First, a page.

Health officials are investigating seven confirmed cases of E.coli and two cases of Hemolytic Uremic Syndrome in Connecticut.
Connecticut Children's Medical Center officials confirmed there have been two hospitalizations for E.coli.
Connecticut Department of Public Health officials said the patients involved are between the ages of two to 25.
“Earlier today, DPH was informed of several patients from Southeastern Connecticut who have become ill with E.coli,” DPH Commissioner Raul Pino said in a release on Thursday.
Six of the seven patients recently visited the Oak Leaf Dairy Farm, which is a goat farm in Lebanon, DPH officials said.
At first, people are not allowed to visit with the animals at the Oak Leaf Dairy Farm, but the facility is closed until further notice.
Oak Leaf Dairy Farm officials would not talk with Eyewitness News.
Pino said they continue to closely monitor “the situation and working with our partners at the CDC and other relevant stakeholders.”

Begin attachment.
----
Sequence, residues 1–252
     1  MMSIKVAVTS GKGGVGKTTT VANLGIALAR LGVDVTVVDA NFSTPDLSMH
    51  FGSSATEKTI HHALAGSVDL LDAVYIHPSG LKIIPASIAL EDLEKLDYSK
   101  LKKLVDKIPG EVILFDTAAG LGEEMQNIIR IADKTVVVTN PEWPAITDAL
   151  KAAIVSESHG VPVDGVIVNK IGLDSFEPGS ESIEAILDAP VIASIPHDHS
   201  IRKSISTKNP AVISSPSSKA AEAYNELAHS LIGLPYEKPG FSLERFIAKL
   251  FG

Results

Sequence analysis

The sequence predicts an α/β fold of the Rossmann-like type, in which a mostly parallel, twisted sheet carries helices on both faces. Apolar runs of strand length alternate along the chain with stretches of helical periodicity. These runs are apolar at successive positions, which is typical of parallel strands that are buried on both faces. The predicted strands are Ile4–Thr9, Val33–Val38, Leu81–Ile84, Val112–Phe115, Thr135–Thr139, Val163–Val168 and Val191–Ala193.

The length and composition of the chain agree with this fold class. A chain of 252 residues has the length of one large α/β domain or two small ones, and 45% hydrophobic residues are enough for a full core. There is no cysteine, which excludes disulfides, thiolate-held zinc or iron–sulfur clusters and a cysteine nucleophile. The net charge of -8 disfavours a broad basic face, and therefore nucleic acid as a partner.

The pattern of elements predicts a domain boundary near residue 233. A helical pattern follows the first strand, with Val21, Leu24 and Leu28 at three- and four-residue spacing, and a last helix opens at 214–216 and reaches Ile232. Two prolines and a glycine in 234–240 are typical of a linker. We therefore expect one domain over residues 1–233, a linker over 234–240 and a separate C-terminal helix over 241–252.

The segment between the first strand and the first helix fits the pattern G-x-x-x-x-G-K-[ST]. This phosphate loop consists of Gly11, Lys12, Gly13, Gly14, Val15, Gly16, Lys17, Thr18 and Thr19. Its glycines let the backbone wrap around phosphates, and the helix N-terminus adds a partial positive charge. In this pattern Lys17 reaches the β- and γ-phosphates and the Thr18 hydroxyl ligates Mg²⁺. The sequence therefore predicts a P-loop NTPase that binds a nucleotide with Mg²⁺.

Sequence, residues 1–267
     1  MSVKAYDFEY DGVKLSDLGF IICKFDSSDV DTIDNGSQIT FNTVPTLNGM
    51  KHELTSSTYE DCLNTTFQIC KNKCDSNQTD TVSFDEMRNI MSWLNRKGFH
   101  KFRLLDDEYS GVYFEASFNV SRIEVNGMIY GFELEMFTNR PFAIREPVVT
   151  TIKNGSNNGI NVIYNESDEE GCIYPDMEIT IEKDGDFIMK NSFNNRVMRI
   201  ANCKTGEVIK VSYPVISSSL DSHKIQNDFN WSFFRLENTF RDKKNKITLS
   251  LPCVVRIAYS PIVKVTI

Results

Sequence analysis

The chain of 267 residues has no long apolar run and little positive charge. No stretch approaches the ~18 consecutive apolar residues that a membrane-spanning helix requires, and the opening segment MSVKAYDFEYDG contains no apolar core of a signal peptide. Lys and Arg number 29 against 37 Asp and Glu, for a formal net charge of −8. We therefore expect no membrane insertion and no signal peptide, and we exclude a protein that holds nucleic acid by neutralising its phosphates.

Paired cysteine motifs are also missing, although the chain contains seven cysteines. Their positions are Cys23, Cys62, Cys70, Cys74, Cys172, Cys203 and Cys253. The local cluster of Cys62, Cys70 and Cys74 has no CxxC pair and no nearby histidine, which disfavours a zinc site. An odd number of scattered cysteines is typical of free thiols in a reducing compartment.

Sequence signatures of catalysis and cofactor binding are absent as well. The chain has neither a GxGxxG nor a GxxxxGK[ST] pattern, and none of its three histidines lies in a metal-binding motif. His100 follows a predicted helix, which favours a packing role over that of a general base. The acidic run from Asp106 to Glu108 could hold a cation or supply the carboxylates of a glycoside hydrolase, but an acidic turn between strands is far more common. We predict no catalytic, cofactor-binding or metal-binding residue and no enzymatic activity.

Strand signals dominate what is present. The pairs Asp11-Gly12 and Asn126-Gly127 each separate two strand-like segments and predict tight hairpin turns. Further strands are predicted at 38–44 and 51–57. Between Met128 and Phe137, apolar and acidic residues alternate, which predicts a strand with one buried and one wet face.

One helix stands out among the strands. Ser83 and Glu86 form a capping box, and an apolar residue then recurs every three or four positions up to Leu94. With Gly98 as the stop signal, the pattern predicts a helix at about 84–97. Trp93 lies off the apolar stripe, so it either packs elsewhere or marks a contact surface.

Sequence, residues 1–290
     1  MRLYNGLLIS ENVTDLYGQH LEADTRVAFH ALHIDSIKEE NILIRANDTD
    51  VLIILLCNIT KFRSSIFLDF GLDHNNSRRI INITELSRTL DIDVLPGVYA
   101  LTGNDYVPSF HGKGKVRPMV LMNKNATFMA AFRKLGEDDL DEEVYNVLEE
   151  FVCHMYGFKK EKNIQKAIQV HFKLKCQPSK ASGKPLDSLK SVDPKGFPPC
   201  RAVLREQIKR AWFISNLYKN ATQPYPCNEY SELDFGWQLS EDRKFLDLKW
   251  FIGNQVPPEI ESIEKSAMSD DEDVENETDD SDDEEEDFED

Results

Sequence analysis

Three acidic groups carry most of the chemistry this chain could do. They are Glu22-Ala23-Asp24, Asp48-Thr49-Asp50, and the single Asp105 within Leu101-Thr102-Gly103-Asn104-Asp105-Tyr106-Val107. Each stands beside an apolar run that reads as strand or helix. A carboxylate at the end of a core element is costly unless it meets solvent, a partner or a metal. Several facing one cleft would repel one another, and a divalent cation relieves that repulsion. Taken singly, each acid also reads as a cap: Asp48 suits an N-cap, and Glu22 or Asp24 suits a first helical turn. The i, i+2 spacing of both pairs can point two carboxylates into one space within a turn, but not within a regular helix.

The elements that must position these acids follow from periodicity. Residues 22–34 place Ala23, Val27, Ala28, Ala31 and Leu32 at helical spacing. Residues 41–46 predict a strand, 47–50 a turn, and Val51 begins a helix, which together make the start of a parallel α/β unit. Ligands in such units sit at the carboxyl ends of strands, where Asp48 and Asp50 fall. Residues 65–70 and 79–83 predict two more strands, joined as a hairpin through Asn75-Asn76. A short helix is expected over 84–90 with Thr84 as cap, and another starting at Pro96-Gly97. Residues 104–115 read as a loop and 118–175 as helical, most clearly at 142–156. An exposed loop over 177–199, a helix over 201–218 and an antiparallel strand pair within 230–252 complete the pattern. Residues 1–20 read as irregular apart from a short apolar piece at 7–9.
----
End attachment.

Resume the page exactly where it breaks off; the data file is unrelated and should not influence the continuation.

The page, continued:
“We will continue to work diligently to provide the public with the information it needs as we investigate,” Pino said.
Anyone who visited the Oak Leaf Dairy Farm in March and “developed symptoms of this illness” is encouraged to see doctor, Pino said.
E.coli is a bacterium that is found in animal and human feces as well as food. The outbreak is E.coli O157.
The symptoms for E.coli O157 can include
To prevent the spread of the illness, DPH officials recommended the following:
Hemolytic Uremic Syndrome "is a rare, but serious illness that affects the kidneys and blood clotting system," DPH officials said. The disease is more common than children in adults.
For more information on Hemolytic Uremic Syndrome, click here.
For more information on E.coli, click here.
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